Auto-adjusting 'Apple Glass' may not need prescription lenses
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A future version of the "Apple Glass" smart glasses peripheral could compensate for less than perfect vision with automatically adjusting lenses for users that need prescription glasses or contact lenses.
A problem that many virtual reality and augmented reality headsets have to deal with is the fact that not everyone has perfect vision. Many people wear glasses or contact lenses to correct their vision, with each offering their own challenges to headset makers.
For contact lenses, a headset may have to account for optical distortions they may produce in viewing an image normally seen by someone with near-perfect vision. Glasses wearers typically remove them to have a more comfortable experience wearing a headset, but this can reduce their vision in the VR experience itself.
Current-generation headsets do employ their own lens assemblies, to allow a display to be positioned within inches of a user's eyes. It is somewhat feasible for these same lens assemblies to be replaced by versions that provide the same corrections as prescriptive lenses, but it would mean the headset would have to be adjusted each time to remove and replace with standard versions for multiple users.
In a patent granted on Tuesday by the US Patent and Trademark Office titled "Head-mounted display apparatus for retaining a portable electronic device with display," Apple suggests a system that could perform a similar task in a rumored product like "Apple Glass."
Apple has reused the patent's title a number of times previously, with each iteration adding a number of changes to the design. Fundamentally speaking, the device consists of a glasses frame that an iPhone could slide into and connect with internal connectors, one that positions the iPhone directly in front of the user's eyes.
As usual, Apple proposes using the iPhone's display to show images, while at the same time including optical elements between the screen and the user's eyes to allow the user to focus on the image correctly, as if the display is larger and further away from the eyes than in reality. This is somewhat common for earlier iterations of the patent title.
In this particular version, Apple focuses its claims on prescription lens-related matters. Furthermore, the claim descriptions mention how it could be used for a general headset design as well as for one using a "cellular telephone having a display," suggesting it is a system that could be used on more than the iPhone-display version.
In Apple's concept, the optical assembly would use a coaxial arrangement of lenses for each eye, or the use of dynamic optical components that can be adjusted by a central system. These optical components can include a lens, a light guide, light source, mirror, and a diffuser.
The system would use prescription information for glasses or contact lenses to adjust the position and configuration of the optical components to correct the user's vision, effectively adding the benefits of the prescription lens to the assembly. In effect, this would let a user remove their glasses or contact lenses and don the headset, without losing their vision in the experience.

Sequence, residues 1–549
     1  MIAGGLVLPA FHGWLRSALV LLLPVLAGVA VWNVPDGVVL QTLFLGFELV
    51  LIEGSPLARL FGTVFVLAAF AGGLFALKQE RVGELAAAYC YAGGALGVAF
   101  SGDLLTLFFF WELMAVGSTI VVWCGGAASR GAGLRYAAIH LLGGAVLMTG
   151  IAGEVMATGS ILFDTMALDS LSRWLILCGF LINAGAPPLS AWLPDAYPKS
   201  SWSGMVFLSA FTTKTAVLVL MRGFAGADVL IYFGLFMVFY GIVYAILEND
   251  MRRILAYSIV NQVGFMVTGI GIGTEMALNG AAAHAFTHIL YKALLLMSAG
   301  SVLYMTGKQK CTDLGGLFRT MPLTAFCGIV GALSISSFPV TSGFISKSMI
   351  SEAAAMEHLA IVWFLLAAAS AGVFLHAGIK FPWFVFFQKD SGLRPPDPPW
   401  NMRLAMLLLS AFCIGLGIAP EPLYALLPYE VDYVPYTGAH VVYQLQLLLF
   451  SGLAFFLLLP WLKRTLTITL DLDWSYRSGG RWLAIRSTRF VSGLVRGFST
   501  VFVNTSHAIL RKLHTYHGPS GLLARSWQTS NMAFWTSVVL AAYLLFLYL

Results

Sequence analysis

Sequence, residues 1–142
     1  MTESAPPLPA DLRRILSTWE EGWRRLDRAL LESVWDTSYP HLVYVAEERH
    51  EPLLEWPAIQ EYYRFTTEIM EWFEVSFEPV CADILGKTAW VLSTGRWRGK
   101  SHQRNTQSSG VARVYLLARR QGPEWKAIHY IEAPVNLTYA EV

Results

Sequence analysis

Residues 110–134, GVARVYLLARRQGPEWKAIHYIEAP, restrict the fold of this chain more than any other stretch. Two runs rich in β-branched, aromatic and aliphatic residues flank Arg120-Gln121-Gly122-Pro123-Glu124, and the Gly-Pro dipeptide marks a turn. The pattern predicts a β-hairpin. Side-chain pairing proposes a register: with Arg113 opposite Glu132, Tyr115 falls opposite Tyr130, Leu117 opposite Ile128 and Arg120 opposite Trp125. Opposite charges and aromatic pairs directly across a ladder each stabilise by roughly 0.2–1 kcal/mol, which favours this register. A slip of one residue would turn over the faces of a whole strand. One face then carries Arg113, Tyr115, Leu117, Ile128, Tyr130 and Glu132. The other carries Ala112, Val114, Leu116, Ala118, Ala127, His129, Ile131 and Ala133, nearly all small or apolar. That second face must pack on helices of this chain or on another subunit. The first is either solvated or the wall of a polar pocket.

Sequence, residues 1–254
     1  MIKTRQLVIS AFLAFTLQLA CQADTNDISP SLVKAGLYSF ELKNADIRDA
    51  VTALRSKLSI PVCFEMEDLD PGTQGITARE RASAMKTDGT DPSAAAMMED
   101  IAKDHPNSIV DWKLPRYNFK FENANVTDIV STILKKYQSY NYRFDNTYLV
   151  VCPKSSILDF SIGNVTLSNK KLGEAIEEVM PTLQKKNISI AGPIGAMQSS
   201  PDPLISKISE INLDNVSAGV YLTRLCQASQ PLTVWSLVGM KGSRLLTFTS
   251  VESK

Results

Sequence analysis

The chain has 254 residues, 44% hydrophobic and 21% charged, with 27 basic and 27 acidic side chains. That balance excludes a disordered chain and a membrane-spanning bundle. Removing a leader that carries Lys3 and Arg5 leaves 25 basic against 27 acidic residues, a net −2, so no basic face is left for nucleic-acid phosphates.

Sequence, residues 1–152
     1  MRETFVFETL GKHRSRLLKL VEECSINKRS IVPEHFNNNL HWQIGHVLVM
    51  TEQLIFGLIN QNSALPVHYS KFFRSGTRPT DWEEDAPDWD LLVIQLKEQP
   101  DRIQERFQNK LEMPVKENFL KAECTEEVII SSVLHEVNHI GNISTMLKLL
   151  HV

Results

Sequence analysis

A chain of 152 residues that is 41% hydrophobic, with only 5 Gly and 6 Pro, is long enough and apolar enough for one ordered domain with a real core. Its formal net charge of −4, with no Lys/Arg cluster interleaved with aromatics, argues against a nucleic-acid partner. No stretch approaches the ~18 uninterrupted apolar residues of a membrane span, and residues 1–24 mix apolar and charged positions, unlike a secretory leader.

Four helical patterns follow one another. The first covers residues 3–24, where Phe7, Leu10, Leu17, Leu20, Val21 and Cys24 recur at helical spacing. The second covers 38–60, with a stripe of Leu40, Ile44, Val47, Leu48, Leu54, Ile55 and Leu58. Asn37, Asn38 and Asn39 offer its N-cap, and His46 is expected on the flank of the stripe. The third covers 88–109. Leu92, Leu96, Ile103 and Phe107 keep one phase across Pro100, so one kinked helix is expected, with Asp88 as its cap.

The language of the filing also suggests the system would have a processor to switch between different configurations depending on the user's particular prescription, though would feasibly return to a "standard" setting for new users with normal vision.
Aside from the lens assembly, the patent also mentions how the display could be adjusted to better serve the user's vision, including changing the position of images on the display in relation to their eyes, and resizing content for consistency.
The patent in this instance lists one single inventor, Quin C. Hoellwarth, who has been Apple's head of design patents and a patent portfolio manager for over 13 years. A search for related patents indicates Hoellwarth is linked to a large number of previous iterations using the same filing name.
Apple files numerous patent applications on a weekly basis, but while the existence of a filing does not guarantee a product is on the way bearing similar features, it does indicate areas of interest for Apple's research and development efforts.
Rumors and patents over the years indicate Apple has a healthy interest in creating its own form of headset, possibly in the form of "Apple Glass." Expected to launch in 2021, the glasses could provide an AR-style experience, with digital overlays on a real-world view.
In May, prolific leaker Jon Prosser claimed the "Apple Glass" would cost $499, and would be available with prescription lens options, so this technology does not seem likely to appear in the first version of the peripheral. The glasses would also include plastic frames, with metal options possibly introduced later, along with LiDAR but no cameras, a plastic stand for wireless charging, and an interface called "Starboard."
Apple's AR endeavors has also resulted in the creation of ARKit, the company's software platform for creating iPhone and iPad apps that use the technology. It is highly likely that any headset that Apple creates will take advantage of the systems used in ARKit.